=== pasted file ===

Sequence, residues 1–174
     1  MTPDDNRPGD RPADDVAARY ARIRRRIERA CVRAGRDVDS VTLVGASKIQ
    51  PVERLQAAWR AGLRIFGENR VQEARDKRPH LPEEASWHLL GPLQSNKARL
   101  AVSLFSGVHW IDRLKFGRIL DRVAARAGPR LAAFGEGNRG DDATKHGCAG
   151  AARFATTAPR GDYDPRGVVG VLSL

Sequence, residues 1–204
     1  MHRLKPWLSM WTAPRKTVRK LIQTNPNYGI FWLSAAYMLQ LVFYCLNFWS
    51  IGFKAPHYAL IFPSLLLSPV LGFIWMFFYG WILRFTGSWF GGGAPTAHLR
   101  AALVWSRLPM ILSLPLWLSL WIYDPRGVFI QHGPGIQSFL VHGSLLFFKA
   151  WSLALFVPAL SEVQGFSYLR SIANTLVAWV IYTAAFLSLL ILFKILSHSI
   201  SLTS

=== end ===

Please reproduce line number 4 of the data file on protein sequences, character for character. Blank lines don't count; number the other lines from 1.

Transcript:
   101  AVSLFSGVHW IDRLKFGRIL DRVAARAGPR LAAFGEGNRG DDATKHGCAG